From Washington state to Washtenaw County, women are spearheading policy change.
By Larry Gabriel
Members of the group Michigan Moms United gathered outside the state Department of Human Services last week, along with other groups protesting the controversial removal of 6-month-old Bree Green by Child Protective Services from her Lansing family.
The child’s father suffers from seizures and is a medical marijuana patient; her mother is a registered caregiver. An Ingham County Court referee ruled that Bree was in danger because her mother had marijuana in the house and someone with a gun could break in.
“There is no reason to take children from the arms of loving, responsible parents,” says Charmie Gholson, founder of the group. “We’ve been putting up with this for so long. They’ve taken our stuff, our property, our liberty — and they’re taking our children. They’re not taking our children anymore.”
A few days earlier, at a monthly meeting of the Michigan chapter of Americans for Safe Access, ASA executive director Steph Sherer joined state director Brandy Zink at the head table, along with a few other women who were there to tell their stories.
One of them, Ashley Duval, discussed how her father, a kidney and pancreas transplant patient who also has glaucoma and had heart bypass surgery, is not getting the care he needs in a federal prison medical facility. On one occasion, it took him more than two days to see a nurse practitioner for his chest pains; she is sure that if he has to serve his 10-year sentence, he will die in prison.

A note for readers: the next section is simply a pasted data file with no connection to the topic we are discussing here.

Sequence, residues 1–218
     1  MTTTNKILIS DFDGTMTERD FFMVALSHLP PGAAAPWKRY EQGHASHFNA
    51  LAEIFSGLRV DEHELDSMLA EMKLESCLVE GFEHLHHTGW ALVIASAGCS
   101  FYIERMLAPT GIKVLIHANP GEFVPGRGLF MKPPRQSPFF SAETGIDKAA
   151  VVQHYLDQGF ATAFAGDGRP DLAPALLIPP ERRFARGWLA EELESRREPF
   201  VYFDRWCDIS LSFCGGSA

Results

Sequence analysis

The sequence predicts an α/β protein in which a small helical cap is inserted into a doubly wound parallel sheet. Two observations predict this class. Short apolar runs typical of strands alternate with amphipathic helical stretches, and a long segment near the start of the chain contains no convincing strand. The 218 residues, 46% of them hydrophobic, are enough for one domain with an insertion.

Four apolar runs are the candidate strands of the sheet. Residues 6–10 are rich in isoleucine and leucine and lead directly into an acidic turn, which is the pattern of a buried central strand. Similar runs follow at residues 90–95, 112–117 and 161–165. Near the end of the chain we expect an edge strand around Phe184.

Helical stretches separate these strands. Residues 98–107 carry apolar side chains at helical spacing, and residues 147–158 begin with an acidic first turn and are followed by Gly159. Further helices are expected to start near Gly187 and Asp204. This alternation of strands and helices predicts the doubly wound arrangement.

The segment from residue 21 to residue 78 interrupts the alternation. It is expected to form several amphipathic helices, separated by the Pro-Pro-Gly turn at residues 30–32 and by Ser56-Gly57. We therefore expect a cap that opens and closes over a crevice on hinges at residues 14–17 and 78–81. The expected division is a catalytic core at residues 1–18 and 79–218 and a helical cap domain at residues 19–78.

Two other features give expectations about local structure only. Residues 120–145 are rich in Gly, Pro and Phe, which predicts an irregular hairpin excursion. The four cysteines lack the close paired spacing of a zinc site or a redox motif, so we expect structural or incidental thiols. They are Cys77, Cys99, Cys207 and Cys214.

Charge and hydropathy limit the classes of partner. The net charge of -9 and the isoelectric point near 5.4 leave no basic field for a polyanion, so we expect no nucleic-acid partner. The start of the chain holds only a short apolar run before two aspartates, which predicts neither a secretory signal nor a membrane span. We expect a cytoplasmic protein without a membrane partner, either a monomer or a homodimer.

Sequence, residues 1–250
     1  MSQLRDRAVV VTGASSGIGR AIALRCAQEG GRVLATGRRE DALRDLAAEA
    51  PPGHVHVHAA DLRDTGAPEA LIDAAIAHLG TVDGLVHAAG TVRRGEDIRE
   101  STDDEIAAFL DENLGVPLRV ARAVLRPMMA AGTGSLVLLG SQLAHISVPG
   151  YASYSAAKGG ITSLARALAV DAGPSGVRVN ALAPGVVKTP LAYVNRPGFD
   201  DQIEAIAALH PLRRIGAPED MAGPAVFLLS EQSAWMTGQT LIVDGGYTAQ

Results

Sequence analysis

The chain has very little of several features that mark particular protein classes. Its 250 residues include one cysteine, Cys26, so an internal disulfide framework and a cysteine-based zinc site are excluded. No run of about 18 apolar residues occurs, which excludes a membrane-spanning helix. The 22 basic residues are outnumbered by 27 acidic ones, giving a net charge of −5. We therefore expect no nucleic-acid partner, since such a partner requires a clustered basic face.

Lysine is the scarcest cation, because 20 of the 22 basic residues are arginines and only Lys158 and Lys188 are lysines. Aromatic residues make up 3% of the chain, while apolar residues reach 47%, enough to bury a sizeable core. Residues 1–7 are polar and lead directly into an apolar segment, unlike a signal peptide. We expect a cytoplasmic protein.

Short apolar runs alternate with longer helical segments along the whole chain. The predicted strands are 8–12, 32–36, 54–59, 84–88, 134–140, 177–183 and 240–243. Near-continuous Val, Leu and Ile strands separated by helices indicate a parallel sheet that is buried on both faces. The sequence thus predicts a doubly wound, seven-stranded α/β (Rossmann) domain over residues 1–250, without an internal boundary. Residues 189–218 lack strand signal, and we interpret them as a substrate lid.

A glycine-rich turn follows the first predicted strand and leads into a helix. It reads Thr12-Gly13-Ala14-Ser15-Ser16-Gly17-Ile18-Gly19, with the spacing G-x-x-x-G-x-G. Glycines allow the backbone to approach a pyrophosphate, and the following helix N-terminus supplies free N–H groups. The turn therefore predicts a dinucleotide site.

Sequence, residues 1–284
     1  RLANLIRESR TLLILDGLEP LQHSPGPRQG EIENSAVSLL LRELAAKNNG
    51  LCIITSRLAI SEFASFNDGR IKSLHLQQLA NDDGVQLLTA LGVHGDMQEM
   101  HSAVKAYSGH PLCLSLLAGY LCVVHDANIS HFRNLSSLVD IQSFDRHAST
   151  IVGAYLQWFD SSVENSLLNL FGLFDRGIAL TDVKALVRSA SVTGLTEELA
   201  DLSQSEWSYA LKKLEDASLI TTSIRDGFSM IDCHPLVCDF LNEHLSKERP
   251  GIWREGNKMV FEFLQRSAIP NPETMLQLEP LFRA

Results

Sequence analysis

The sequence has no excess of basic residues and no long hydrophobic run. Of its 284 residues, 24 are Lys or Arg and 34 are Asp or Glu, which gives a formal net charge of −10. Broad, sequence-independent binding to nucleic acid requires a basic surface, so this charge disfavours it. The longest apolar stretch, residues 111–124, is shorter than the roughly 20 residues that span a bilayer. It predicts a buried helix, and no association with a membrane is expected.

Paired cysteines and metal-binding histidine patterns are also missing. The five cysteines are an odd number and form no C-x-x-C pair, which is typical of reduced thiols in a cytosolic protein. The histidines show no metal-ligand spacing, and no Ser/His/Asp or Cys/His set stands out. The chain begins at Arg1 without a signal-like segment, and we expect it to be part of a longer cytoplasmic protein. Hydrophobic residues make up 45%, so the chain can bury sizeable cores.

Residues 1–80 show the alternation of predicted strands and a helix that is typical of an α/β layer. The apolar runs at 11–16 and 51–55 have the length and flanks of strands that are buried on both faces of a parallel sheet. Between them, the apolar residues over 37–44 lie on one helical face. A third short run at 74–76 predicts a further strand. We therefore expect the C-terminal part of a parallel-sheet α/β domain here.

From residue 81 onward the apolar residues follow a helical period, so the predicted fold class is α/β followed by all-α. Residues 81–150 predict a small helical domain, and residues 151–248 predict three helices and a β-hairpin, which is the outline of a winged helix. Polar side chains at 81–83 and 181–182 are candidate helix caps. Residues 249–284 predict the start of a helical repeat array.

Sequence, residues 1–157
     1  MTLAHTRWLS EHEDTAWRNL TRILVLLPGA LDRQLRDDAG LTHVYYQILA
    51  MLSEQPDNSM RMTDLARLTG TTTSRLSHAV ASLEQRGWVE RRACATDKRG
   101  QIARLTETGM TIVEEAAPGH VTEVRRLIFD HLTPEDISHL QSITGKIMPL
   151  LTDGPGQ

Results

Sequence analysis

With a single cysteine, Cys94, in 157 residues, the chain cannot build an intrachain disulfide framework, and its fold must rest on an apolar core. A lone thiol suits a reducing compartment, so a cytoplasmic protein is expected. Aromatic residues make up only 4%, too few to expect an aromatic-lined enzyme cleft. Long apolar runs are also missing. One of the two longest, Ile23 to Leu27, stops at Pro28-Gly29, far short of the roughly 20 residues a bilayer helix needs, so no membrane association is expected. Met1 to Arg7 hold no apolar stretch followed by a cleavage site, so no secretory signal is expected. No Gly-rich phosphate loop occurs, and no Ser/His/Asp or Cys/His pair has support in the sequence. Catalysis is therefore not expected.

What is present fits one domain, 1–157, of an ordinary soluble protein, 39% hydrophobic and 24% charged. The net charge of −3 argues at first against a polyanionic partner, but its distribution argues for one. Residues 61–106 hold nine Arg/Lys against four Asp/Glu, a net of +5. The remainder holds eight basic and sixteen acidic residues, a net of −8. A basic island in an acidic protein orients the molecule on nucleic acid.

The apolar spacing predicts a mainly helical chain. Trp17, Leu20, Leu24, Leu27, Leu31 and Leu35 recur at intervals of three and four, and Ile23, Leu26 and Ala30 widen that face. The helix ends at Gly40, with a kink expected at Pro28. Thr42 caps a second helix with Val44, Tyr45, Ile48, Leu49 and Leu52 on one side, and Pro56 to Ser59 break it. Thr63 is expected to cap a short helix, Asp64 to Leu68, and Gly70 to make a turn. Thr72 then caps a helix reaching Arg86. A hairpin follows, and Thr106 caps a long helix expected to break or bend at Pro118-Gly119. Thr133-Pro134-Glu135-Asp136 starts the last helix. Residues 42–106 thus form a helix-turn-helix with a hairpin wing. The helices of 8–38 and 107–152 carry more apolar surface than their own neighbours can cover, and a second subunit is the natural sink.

These women and others are part of the female voices becoming more prominent in the fight against marijuana prohibition. Women are traditionally the caretakers and caregivers in families, and women are speaking out about how this prohibition tears apart families.
Mother bears and tiger mothers have been celebrated in our culture for their ferocious defense of their young. Now mothers, daughters and sisters are standing up to protect their families in the War on Drugs.
Sherer, who founded ASA 11 years ago in California, in response to federal raids on patients and caregivers, was here to lobby the state legislature and take part in a benefit supporting HB4271, which would allow medical marijuana provisioning centers in Michigan.
“People are quick to point to men as experts,” Sherer says. “Those most affected by policies should be the ones who have something to say. Women as caregivers help ill individuals. That applies to medical cannabis too. They’re not only caring for people, but also making sure that they have their medicine. If you are taking care of someone getting chemotherapy treatments, the last thing you want to do is be running around seeking cannabis from an illegal marijuana dealer.”
Women have probably been associated with cannabis as long as people have been using the plant. The face of marijuana activism in the United States over the past several decades, however, has been mostly male. Polls have consistently shown that men have a more favorable attitude to marijuana than women.